What is the most important information I should know about tacrolimus?
Tacrolimus may increase your risk of developing a serious infection, skin cancer, or lymphoma. Talk with your doctor about the risks and benefits of using this medicine.
Call your doctor right away if you have any signs of infection such as fever, chills, flu symptoms, cough, sweating, painful skin sores, skin warmth or redness, or muscle aches.
What is tacrolimus?
Tacrolimus is used together with other medicines in people who have had a heart, kidney, liver, or lung transplant.
Tacrolimus weakens your immune system to prevent your body from "rejecting" the transplanted organ.
Tacrolimus may also be used for purposes not listed in this medication guide.
What should I discuss with my healthcare provider before taking tacrolimus?
You should not use this medicine if you are allergic to tacrolimus or hydrogenated castor oil, or if you have used cyclosporine (Neoral, Sandimmune, Gengraf) within the past 24 hours.
Using tacrolimus may increase your risk of developing serious infections or certain types of cancer, such as lymphoma or skin cancer. Your risk may be higher if you are treated over long periods of time with drugs that weaken the immune system. Ask your doctor about this risk and about symptoms to watch for.
Some people taking tacrolimus after a kidney transplant have developed diabetes. This effect has been seen most commonly in people who are Hispanic or African-American.
Tell your doctor if you have ever had:
- problems with your liver, kidney, or heart that are not related to your transplant;
- long QT syndrome (in you or a family member); or
- if you are scheduled to receive a vaccine;
Tell your doctor if you plan to get pregnant. Tacrolimus may harm an unborn baby, and can worsen conditions such as diabetes or high blood pressure in the mother. Use effective birth control before and during treatment with tacrolimus.
If you are pregnant, your name may be listed on a pregnancy registry to track the effects of tacrolimus on the baby.
If you are a man, use birth control before and during treatment with tacrolimus if your sex partner is able to get pregnant.
Pregnancy may be less likely to occur while the mother or the father is using this medicine. Both men and women should still use birth control to prevent pregnancy because the medicine can harm an unborn baby.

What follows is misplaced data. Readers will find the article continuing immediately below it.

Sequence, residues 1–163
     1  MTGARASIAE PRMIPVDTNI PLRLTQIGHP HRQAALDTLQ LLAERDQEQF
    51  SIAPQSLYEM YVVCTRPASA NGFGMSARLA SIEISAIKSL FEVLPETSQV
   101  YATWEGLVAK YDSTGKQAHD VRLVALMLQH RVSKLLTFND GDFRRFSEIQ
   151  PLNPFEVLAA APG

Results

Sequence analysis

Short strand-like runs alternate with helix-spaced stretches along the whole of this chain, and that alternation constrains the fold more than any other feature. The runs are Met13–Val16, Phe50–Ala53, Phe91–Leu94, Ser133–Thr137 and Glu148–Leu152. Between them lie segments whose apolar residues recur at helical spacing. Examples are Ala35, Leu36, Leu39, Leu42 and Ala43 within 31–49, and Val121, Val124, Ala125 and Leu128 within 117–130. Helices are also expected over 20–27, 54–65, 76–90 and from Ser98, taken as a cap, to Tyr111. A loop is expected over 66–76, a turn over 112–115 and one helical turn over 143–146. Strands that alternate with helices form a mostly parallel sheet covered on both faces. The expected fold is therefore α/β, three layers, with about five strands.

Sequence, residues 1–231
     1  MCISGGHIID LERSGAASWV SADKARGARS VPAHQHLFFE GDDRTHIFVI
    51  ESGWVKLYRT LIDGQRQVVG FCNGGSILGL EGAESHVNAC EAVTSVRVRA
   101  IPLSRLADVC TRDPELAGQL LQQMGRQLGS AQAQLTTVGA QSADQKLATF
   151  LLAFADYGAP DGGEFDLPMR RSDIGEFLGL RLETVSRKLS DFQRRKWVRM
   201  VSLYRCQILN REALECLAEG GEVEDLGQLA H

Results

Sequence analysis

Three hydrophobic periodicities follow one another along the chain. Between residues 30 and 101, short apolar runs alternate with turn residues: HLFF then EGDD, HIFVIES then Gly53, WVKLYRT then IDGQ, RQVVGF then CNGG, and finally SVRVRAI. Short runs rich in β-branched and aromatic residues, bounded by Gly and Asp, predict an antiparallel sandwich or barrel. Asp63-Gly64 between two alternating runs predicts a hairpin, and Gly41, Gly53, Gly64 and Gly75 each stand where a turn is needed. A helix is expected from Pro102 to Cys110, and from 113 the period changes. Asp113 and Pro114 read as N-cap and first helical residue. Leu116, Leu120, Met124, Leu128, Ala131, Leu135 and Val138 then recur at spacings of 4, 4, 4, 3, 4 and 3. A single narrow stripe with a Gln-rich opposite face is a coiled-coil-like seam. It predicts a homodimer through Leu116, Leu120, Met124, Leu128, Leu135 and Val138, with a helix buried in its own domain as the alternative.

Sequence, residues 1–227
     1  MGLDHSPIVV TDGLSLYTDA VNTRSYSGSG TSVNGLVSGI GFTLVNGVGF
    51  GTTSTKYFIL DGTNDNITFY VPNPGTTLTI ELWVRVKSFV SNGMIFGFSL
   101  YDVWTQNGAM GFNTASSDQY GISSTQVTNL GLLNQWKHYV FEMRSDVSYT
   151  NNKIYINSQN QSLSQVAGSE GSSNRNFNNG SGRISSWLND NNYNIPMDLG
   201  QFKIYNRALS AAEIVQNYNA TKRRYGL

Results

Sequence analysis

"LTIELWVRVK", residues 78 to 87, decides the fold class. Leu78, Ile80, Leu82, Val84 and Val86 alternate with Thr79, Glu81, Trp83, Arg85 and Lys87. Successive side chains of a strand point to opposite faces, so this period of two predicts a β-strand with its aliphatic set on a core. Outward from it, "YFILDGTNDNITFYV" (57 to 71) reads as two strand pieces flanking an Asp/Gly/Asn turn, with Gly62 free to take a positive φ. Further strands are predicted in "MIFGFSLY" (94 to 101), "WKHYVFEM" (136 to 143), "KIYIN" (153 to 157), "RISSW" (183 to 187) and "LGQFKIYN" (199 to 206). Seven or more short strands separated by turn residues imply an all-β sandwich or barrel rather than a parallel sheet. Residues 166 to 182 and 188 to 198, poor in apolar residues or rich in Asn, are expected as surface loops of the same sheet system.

Ask a doctor if it is safe to breastfeed while using this medicine.
How should I take tacrolimus?
Follow all directions on your prescription label and read all medication guides or instruction sheets. Your doctor may occasionally change your dose. Use the medicine exactly as directed.
You may receive an injection of tacrolimus shortly after your transplant. Tacrolimus injection is given until you are ready to take the pill form of tacrolimus.
Take oral tacrolimus at the same time each day, with a full glass of water.
Swallow the tablet or capsule whole and do not crush, chew, break, or open it.
Mix tacrolimus oral granules with water right before you take them. Do not save this mixture for later use. Do not get the powder or mixture on your skin or in your eyes. If this happens, wash your skin with soap and water or rinse your eyes with water.
Take Astragraf XL or Envarsus XR in the morning on an empty stomach, at least 1 hour before or 2 hours after a meal.
You may take Prograf with or without food, but take it the same way each time.
Your dose needs may change if you switch to a different brand, strength, or form of this medicine. All forms of tacrolimus are not equivalent and may not have the same dose or schedule. Avoid medication errors by using only the form and strength your doctor prescribes.
You will need frequent medical tests, and your blood pressure will need to be checked often.
Store at room temperature away from moisture and heat.
What happens if I miss a dose?
For Prograf: Take the medicine as soon as you can, but skip the missed dose if it is almost time for your next dose.